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Enhancing Scrum with "The Core Protocols"

Alex Champandard has written a piece about the use of Scrum in the game development industry, and why it sometimes needs to be augmented:
...if you have great people that work well together, then Scrum is a good option to help them deal with external forces (e.g. the publisher) and can improve internal efficiency. On the other hand, if you don’t yet have a great team, then Scrum only tries to create a nursery where the team has the opportunity to grow.

But what about teams that aren't so great? According to Alex, that's where "The Core Protocols" step in. The Core Protocols (pdf) (and the associated Core Commitments) are described by Jim and Michele McCarthy in their books Dynamics of Software Development and Software for Your Head. Jim and Michele developed the protocols at Microsoft, where Jim headed the Visual C++ development team. Essentially, the idea is to reduce or eliminate unproductive behavior within a team by formalizing the ways in which the team members interact with one another. The protocols include:

  • Check In - Begins a meeting
  • Check Out - Used by a team member to when she must leave, or when she cannot maintain the Core Commitments
  • Decider - Helps a group quickly reach a decision
  • Resolution - Helps the team reach a consensus when there is disagreement following a Decider vote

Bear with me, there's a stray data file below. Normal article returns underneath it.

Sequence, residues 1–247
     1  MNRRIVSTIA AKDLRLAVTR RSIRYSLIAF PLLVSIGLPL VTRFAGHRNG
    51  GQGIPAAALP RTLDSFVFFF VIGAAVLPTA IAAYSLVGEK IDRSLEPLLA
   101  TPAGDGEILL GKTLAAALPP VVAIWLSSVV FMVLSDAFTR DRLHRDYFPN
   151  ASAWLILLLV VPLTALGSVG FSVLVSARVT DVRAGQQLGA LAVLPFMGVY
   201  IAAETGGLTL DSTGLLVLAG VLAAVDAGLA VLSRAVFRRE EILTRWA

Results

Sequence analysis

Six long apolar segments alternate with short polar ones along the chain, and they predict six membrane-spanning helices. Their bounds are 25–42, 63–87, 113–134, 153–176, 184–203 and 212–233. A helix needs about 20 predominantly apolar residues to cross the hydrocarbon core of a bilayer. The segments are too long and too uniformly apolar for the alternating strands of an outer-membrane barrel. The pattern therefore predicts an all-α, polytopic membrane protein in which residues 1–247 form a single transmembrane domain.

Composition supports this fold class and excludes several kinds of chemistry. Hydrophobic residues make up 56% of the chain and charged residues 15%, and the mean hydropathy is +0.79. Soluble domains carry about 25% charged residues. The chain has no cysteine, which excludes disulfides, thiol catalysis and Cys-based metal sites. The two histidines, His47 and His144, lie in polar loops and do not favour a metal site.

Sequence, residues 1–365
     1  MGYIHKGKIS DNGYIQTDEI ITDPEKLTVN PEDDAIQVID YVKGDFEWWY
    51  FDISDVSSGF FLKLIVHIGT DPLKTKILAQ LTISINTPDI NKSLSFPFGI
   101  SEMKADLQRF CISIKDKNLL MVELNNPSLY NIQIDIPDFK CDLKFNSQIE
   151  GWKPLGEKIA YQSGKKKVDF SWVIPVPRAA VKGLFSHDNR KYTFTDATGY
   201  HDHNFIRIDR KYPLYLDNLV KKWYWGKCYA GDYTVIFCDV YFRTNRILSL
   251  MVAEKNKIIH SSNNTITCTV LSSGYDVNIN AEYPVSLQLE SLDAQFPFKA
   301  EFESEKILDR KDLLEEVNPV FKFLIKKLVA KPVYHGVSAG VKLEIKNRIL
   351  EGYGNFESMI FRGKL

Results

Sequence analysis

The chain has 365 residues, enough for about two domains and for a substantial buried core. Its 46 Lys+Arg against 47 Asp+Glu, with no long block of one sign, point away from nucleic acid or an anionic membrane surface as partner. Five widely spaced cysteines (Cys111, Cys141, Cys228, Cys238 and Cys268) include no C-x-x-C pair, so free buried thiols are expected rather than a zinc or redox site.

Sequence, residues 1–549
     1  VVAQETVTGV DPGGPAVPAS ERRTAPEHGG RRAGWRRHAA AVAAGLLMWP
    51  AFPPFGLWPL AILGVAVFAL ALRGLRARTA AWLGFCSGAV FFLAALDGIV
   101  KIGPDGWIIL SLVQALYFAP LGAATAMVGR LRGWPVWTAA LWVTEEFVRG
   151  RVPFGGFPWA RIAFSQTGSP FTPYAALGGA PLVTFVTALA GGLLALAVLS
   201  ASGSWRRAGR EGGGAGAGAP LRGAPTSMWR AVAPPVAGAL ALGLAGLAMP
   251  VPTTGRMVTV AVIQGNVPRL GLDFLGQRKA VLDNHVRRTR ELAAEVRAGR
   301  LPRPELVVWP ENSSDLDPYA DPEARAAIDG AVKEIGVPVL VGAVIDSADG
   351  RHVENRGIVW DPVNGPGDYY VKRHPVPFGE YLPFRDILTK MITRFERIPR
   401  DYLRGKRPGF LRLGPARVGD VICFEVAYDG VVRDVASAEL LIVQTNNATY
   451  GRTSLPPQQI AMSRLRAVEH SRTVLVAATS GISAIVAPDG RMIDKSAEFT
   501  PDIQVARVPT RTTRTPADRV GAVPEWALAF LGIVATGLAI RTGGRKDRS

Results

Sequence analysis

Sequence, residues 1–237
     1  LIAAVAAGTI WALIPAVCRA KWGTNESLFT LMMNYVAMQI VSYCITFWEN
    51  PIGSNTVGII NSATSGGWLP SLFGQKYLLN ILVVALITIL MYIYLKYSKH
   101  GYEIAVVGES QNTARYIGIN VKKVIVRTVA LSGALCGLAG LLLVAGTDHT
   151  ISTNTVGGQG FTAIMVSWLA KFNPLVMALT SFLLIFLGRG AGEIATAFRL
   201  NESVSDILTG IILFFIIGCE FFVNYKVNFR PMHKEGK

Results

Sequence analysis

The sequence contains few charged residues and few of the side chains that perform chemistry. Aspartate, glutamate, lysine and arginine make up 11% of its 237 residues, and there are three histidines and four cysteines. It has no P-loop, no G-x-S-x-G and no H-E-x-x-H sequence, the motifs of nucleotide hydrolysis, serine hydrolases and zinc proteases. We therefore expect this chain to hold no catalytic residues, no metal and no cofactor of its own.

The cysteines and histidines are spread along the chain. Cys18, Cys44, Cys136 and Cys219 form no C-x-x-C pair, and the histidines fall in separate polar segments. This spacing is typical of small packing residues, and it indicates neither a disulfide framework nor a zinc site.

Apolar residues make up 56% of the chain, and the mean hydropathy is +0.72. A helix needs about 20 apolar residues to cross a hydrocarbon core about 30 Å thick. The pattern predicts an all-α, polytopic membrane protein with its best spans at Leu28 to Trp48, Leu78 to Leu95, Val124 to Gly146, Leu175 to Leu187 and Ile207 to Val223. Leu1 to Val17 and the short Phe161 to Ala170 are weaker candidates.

• Pass - Used by team members to disengage from an activity
  • Ask For Help - Efficiently makes use of the skills and knowledge of others
  • Protocol Check - Used when a team member believes a protocol is being used incorrectly in any way or when a Core Commitment is being broken
  • Intention Check - Clarifies the purpose of a team member’s behavior
Each protocol has a series of specific, concrete steps which are to be followed by every team member. Alex writes that the protocols nicely complement the traditional Scrum development practices:
Of course, many of these protocols can be used in different contexts. Once you get the hang of them, they tend to reduce the drama anywhere in the development process. Initially, developers may shrug off some protocols as “unprofessional” (e.g. counting to three before voting with thumbs up, or exposing emotions in a meeting), but pretty quickly everyone gets used to the efficiency and the reduced stress.

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